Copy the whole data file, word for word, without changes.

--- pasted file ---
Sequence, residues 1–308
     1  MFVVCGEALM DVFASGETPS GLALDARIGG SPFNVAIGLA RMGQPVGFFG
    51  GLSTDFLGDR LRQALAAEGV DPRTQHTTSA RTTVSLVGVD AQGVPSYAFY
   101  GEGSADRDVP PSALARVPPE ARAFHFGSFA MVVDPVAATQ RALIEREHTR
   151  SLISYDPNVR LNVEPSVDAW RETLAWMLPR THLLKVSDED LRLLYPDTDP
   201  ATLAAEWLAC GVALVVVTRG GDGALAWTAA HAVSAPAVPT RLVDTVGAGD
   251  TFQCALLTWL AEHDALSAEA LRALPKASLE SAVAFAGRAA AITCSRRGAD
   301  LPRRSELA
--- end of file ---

Sequence, residues 1–308
     1  MFVVCGEALM DVFASGETPS GLALDARIGG SPFNVAIGLA RMGQPVGFFG
    51  GLSTDFLGDR LRQALAAEGV DPRTQHTTSA RTTVSLVGVD AQGVPSYAFY
   101  GEGSADRDVP PSALARVPPE ARAFHFGSFA MVVDPVAATQ RALIEREHTR
   151  SLISYDPNVR LNVEPSVDAW RETLAWMLPR THLLKVSDED LRLLYPDTDP
   201  ATLAAEWLAC GVALVVVTRG GDGALAWTAA HAVSAPAVPT RLVDTVGAGD
   251  TFQCALLTWL AEHDALSAEA LRALPKASLE SAVAFAGRAA AITCSRRGAD
   301  LPRRSELA